posted by CheshireCat at 10:06 PM on September 9, 2012

posted by lrrosa at 10:07 PM on September 9, 2012

An anthill. There's frantic activity, but at the same time it's highly ordered.

The Internet. There's frantic activity from countless bits and pieces and packets of information whizzing about, and still on a macro level it just does the job of delivering this page to your screen.
posted by rjs at 10:33 PM on September 9, 2012

Ocean waves.
posted by Fister Roboto at 10:33 PM on September 9, 2012

Air traffic controllers, or emergency services dispatcher. Similar to the already mentioned hospital ER or time critical surgery.

The issue/situation being tackled and dealt with is large, chaotic, even fractal, but the best approach is to methodically address each step in calm, measured tones -- eg. "Flight 3529, descend and maintain five thousand", "Dispatch, notify area hospitals we've got people coming in", "Scalpel please, nurse" -- each step is calm and controlled in order to not make the situation worse.
posted by ceribus peribus at 11:18 PM on September 9, 2012

Have you seen the zen look in a drummer's eye when they're really rockin'?

Oh, yes. This.
posted by flabdablet at 11:27 PM on September 9, 2012

In the same vein as headnsouth, I would suggest early period Metallica.

More specifically, I'd say being in a mosh pit - allowing yourself to flail, completely surrendered and out of control, as one of many individual flailing agents in a collective superorganism that writhes and heaves to music in way that looks chaotic but is actually tightly knitted and follows a generally accepted code of etiquette.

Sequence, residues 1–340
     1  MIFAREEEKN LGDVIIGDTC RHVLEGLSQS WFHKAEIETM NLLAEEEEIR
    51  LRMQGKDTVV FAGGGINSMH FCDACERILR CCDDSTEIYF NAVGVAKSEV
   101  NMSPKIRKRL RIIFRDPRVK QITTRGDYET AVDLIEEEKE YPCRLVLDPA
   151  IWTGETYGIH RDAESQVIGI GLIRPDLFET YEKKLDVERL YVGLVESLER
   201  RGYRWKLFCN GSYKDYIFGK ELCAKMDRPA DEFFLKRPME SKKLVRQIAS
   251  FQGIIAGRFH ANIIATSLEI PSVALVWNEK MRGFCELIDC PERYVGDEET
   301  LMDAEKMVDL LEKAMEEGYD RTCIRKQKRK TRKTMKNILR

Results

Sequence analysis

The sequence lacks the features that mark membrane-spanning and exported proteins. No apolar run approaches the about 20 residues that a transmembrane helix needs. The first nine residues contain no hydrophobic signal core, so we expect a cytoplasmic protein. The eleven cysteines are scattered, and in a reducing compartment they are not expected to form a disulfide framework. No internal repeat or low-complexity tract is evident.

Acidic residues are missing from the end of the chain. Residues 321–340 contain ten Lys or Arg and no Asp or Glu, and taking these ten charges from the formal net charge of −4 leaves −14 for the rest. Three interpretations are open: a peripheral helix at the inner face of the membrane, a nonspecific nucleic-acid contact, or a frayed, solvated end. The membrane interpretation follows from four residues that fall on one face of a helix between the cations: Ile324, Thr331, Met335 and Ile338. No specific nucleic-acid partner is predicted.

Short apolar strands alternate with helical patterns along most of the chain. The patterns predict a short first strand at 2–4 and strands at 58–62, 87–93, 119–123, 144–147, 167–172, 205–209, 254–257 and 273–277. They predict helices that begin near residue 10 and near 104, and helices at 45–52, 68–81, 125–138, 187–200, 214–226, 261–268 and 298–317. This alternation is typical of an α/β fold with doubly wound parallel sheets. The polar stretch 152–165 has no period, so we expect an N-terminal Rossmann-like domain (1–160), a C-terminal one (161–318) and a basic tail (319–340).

posted by Eumachia L F at 3:40 AM on September 10, 2012

As an observer, both waterfalls and fires work for me.
As a participant, juggling and working as a line cook on a busy night.
posted by qldaddy at 3:53 AM on September 10, 2012

My grandparents used to have a lava lamp which I could stare at for ages when I visited, because of just this combination of chaos and calm.
posted by muhonnin at 4:46 AM on September 10, 2012

A Bach fugue.
posted by Zonker at 5:22 AM on September 10, 2012

A stagnant pool. Seemingly still but full of life, both visible and invisible.
posted by tommasz at 6:39 AM on September 10, 2012





falling leaves
posted by jammy at 7:04 AM on September 10, 2012

A slightly less cliched image than the eye of the storm is the duck swimming on a lake. Calm and placid above the water, but paddling like mad under the surface.
posted by Rock Steady at 7:12 AM on September 10, 2012